WhatsApp Neemtreehealthcare

FAQs about Hip replacement surgery

19 June 2024

Hip Replacement | Dr. Pradeep Kriplani
FAQs about Hip replacement surgery

FAQs about Hip replacement surgery

Hip replacement surgery, also known as hip arthroplasty, is a procedure in which a damaged hip joint is replaced with a prosthetic implant. This surgery can be life-changing, providing relief from pain and improving mobility. Here are some frequently asked questions (FAQs) about hip replacement surgery:

What is hip replacement surgery?

Hip replacement surgery involves removal of the damaged or diseased parts of the hip joint and replacing them with artificial components. These components usually consist of a ball (made of metal or ceramic) and a socket (made of plastic, ceramic, or metal). This procedure is typically recommended when hip pain and mobility issues severely impact daily activities and non-surgical treatments have failed. The primary goal of this surgery is to relieve pain, improve function, and enhance the quality of life for individuals suffering from hip joint problems.

Why is hip replacement surgery necessary?

Hip replacement surgery is generally recommended for patients experiencing severe pain and disability due to arthritis (osteoarthritis or rheumatoid arthritis), hip fractures, or other hip joint disorders. When pain becomes chronic and significantly impacts daily activities, and when non-surgical treatments such as medications, physical therapy, and lifestyle modifications fail to provide relief, hip replacement surgery may be the best option.

Who is a Candidate for Hip Replacement Surgery?

Candidates for hip replacement surgery are typically individuals who have significant pain and stiffness in the hip that limits their ability to perform everyday activities, such as walking, climbing stairs, and bending. Other criteria include chronic pain that persists despite rest and medication, and a significant decrease in quality of life due to hip pain. While most candidates are over 50, younger patients with severe hip issues may also be considered.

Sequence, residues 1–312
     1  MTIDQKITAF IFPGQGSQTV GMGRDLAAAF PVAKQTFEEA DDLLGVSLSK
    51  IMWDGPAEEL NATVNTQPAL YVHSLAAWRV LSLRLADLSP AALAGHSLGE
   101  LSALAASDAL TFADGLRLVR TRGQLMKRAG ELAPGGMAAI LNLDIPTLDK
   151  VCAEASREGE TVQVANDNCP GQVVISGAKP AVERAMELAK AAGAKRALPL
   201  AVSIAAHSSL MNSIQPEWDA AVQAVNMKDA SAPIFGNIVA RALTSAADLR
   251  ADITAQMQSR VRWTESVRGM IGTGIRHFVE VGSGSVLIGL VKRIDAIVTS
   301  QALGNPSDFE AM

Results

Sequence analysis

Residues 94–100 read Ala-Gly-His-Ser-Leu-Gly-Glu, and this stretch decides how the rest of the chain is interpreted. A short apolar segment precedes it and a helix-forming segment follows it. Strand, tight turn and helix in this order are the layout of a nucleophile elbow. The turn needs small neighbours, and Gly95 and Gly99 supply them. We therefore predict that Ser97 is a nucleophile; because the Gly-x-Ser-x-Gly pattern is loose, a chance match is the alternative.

What Are the Different Types of Hip Replacement Surgery?

There are several types of hip replacement surgeries, including:

1. Total Hip Replacement: This is the most common type and involves replacing both the acetabulum (hip socket) and the femoral head (thigh bone ball) with prosthetic components.

2. Partial Hip Replacement: Also known as hemiarthroplasty, this procedure involves replacing only the femoral head.

3. Hip Resurfacing: This procedure involves capping the femoral head with a smooth metal covering and placing a metal shell in the acetabulum.

What does the surgery Involve?

Hip replacement surgery is typically performed under general anesthesia or spinal anesthesia. The surgeon makes an incision over the hip, removes the damaged bone and cartilage, and implants the new artificial components. The surgery usually takes a few hours, and various techniques, including minimally invasive surgery, can reduce recovery time and minimise scarring.

What Are the Risks and Complications?